Further to that, this couple months of unemployment insurance benefits is MY MONEY that I’ve paid into insurance for for years and almost never collected in my life.


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cyberdad
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04 May 2020, 9:04 pm

Brictoria wrote:
goldfish21 wrote:
cyberdad wrote:
goldfish21 wrote:
As for the uber rich all of the sudden voluntarily becoming altruistic philanthropists: Nooooope, never gonna happen. Heads would have to start hitting the floor before people in their class might start choosing to support society instead of continuing their sick game of extracting as much wealth from it as possible..


I doubt guillotining the ultra rich would be of any benefit given their investments/corporations keep food on our tables. Whether we like it or not we rely on these people and their money.


We rely on consumers consuming for ya to get paid our pittance. Billionaires rely on our labour to produce their wealth. They need us more than we need them. It’s high time they get cut out of the loop.

It’s nice to see things like cooperatives and socially conscious B corps and non profits etc filling niches where greed has gone too far.

Maybe we’ll see a more rapid shift away from people being brainwashed into believing we need to sweat to maintain the bank accounts of the Billionaire class when this is all over.


Strangely enough, there are people who want to go back to work, rather than rely on welfare.

While some people are happy to sit at home having others provide for them while they can follow their dreams to be a writer, painter, etc., there are many more who would rather be able to work, and so not be a burden on their community. Additionally, a large number of those wanting to go back to work would be the extraverts, who "need" the social side of their work for their own mental health.

I also see very few billionaires owning small restaurants or stores, yet it is the people who work in these places who have been hit hardest by the shutdown, being unable to "work from home". During the shutdown, it is more likely that the people who work for the "Billionaires" have been able to continue working (either from home, in the case of office staff, or in the warehouses, shipping items), assisting them even more at the expence of the small, family owned businesses, who are being forced to close and don't have the funds/capacity to support their staff.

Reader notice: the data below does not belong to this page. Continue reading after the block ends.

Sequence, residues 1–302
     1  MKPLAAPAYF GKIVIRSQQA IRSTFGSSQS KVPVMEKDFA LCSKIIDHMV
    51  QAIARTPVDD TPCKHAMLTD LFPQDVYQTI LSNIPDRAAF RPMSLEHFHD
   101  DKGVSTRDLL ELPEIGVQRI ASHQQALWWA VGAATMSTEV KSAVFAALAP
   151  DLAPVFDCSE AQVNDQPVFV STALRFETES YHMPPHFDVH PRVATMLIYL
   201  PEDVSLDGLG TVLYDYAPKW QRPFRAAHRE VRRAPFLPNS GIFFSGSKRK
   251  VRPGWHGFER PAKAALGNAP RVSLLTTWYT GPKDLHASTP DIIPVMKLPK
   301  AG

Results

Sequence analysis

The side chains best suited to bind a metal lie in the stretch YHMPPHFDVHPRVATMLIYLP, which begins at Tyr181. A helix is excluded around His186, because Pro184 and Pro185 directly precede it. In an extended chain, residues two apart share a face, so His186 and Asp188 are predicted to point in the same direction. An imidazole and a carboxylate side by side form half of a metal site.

Agree with this...



Brictoria
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04 May 2020, 9:17 pm

cyberdad wrote:
BTDT wrote:
https://www.cnn.com/2020/05/03/us/coronavirus-funerals-bodies/index.html
NYC has had difficulty just keeping up with the people that have passed away.
This suggests a lack of infrastructure..


What it suggests is that the US has never invested enough in the public health system with it's reluctance to embrace free healthcare for all. NY is reaping that lack of infrastructure development in hospitals so there is a link.


The problem is that, using Australia's system as an example of a "good" health system, it is the states who are responsible for hospitals, ambulance services, etc. with federal governemnt covering other aspects, whereas those who think the US should emulate the Australian healthcare system ignore/are unaware of this, and instead seek to have their national government take on both the state and federal roles from the Australian system.

It's no good saying that a nation "should" have something when their governemnt structure and laws are not designed to allow the implementation of it, and it is possible that the costs (financial, legal, etc.) involved in changing the laws (if possible) would far outweigh the benefits from the changes (I could be wrong, but I understand that the worst hit states already have much higher debt levels than those less impacted by this virus, so it is unlikely that they would have had the funds to be able to implement something like Australia's hospital system where it was needed anyway).



cyberdad
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04 May 2020, 9:59 pm

I accept the US is never going to adopt healthcare policy emulating either Australia or Sweden. A larger population with greater number of states means a stronger devolution of state powers and more obstacles to getting a unified approach.

Conversely Singapore and NZ are able to implement policies within their nation states that are admirable but not possible for Australia to emulate again because difference of scale/jurisdiction and central power.

However we are living under new global conditions that potentially may never be permanently resolved due to the root cause not being addressed (China is not going to listen to outsiders). Under these conditions the lack of public infrastructure spending on public hospitals to cope with swelling numbers of Covid-19 cases also needs to be addressed.

You need to strike a balance between competing agendas.



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05 May 2020, 7:51 am

Brictoria wrote:
While some people are happy to sit at home having others provide for them while they can follow their dreams to be a writer,
:lol: :lol: :lol:



fluffysaurus
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05 May 2020, 8:06 am

Aren't nearly all of us doing the herd thing anyway but no one wants to admit it, except the Swedes. It's out there and the only thing guvs can do at this point is slow it down to not overwhelm health services. We're beyond stopping it, that means that all areas will be covered sooner or later. If this was not accepted by governments then Italy would remain on lockdown and the UK would have gone into full lockdown (witch it hasn't done). Between Swedish standoffishness and Swedish health system and less population density they didn't feel they needed strict rules (there are some rules in Sweden) for Covid to cross Sweden at a speed they can manage.